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To Ægypt's impious king that head they bear,
935 His Naves straight drain the serous parts away, And arm the wasting flesh against decay ; Then drugs and gums through the void vessels pass, And for duration fix the stiffening mass. Inglorious boy ! degenerate and base!
940 Thou last and worst of the Lagæan race ! Whose feeble throne, ere long, shall be compellid, To thy lascivious fifter's reign to yield : Canst thou, with altars, and with rites divine, The rash vain youth of Macedon inshrine; 945 Can Ægypt such stupendous fabrics build; Can her wide plains with pyramids be fillid; Canst thou, beneath such monumental pride, Thy worthless Ptolomæan fathers hide; While the great Pompey's headless trunk is tofs'd 950 In scorn, unbury'd, on thy barbarous coast? Was it so much? Could not thy care fuffice, To keep him whole, and glut his father's eyes ?
In this, his fortune ever held the same,
Yet ere proud Cæsar touch'd the Pharian Nile,
Nigh weary now, the waves instruct him well, 985
990 Then, lifting to the gloomy skies his head, Thus to the stars, and cruel gods, he pray'd :
See, fortune! where thy Pompey lies! and oh!
Thus while he spoke, he saw where through the shade A slender flame its gleaming light display'd; There, as it chanc'il, abandon'd and unmourn’d, A poor neglected body lonely burn'd.
He feiz'd the kindled brands; and oh! (he said) 1015
He faid; and, gathering in his garment, bore
1030 By chance a few poor planks were hard at hand, By fome late shipwreck cast upon the strand; These pious Cordus gathers where they lay, And plants about the chief, as best he may.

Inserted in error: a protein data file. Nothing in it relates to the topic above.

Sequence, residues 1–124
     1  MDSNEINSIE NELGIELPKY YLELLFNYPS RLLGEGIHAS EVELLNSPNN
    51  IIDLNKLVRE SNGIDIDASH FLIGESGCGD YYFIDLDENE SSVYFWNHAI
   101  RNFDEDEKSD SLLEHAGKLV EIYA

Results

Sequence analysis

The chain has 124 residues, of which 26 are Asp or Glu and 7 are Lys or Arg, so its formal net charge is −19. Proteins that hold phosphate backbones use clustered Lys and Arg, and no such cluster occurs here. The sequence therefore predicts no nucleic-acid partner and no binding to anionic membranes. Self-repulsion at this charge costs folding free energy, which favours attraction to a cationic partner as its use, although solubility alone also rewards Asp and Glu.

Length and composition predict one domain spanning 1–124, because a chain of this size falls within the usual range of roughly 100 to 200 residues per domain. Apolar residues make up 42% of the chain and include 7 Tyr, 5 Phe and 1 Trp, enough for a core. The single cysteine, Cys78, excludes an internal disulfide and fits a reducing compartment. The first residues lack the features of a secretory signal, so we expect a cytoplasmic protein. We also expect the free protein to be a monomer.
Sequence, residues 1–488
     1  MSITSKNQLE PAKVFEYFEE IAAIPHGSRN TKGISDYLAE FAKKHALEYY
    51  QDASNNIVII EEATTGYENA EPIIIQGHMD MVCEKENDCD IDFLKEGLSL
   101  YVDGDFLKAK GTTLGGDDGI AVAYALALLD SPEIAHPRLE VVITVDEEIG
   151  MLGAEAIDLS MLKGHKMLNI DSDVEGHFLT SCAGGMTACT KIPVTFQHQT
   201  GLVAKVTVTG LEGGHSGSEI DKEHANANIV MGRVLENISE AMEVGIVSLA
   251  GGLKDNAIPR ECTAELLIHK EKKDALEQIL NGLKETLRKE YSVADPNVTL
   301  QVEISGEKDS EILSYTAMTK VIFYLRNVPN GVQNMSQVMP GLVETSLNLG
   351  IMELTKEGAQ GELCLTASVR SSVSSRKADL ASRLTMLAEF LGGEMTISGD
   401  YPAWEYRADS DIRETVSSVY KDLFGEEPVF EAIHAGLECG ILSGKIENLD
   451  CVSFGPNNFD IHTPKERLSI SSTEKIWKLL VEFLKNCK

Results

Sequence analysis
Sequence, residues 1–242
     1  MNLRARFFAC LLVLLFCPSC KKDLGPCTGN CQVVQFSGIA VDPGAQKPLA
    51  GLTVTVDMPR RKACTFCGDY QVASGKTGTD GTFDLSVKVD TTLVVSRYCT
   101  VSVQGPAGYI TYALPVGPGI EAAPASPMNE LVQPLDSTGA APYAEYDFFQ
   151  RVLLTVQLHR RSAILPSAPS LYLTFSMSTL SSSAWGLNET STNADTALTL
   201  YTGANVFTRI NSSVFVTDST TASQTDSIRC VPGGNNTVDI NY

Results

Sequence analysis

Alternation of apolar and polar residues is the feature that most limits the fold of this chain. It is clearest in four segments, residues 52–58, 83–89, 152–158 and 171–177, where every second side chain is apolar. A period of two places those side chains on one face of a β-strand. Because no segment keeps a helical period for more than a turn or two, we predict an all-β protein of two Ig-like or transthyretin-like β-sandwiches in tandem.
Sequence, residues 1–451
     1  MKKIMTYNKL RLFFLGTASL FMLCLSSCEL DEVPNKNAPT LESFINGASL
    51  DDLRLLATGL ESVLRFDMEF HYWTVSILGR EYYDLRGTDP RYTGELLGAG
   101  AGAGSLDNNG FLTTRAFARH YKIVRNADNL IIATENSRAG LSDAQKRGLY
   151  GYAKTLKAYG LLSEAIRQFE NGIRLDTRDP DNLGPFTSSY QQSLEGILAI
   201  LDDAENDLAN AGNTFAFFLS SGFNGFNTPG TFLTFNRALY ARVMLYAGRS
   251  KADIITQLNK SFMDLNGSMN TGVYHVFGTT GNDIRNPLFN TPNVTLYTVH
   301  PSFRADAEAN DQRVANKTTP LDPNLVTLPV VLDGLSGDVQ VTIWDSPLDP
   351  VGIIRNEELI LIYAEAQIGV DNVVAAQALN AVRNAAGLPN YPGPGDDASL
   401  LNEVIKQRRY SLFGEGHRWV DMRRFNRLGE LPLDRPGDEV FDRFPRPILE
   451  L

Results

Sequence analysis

Now while the blaze began to rise around, 1035 The youth fat mournful by upon the ground : And ah (he cry'd) if this unworthy flame Disgrace thy great, majestic, Roman name; If the rude outrage of the storiny seas Seem better to thy ghost, than rites like these ; 104.0 Yet let thy injur'd shade the wrong forget, Which duty and officious zeal commit. Fate seems itself, in my excuse to plead, And thy hard fortune justifies my deed,
I only wish'd, nor is that wish in vain,
1045 To save thee from the monsters of the main ; From vultures claws, from lions that devour, From mortal malice, and from Cæfar's power, No longer, then, this humbler flame withstand ; "Tis lighted to thee by a Roman hand.
rogo If e'er the god's permit unhappy me, Once more, thy lov'd Hesperian land to see, With me thy exil'd ashes shall return, And chaste Cornelia give thee to thy urn. Mean-while, a signal shall thy care provide, 1055 Some future Roman votary to guide; When with due rites thy fate he would deplore, And thy pale head to these thy limbs restore : Then shall he mark the witness of my stone, And, taught by me, thy sacred ghost atone.
He spoke; and straight, with busy, pious hands, Heap'd on the smoaking corse the scatter'd brands, Slow funk amidst the fire the wasting dead, And the faint flame with dropping marrow fed. Now 'gan the glittering stars to fade away, 1065 Before the rosy promise of the day, When the pale youth th' unfinish'd rites forsook, And to the covert of his cave betook,
Ah! why thus rafhly would thy fears disclaim That only deed, which must record thy name? 1070 Ev'n Cæsar's self shall just applause bestow, And praise the Roman that inters his foe. Securely tell him where his son is laid, And he shall give thee back his mangied head.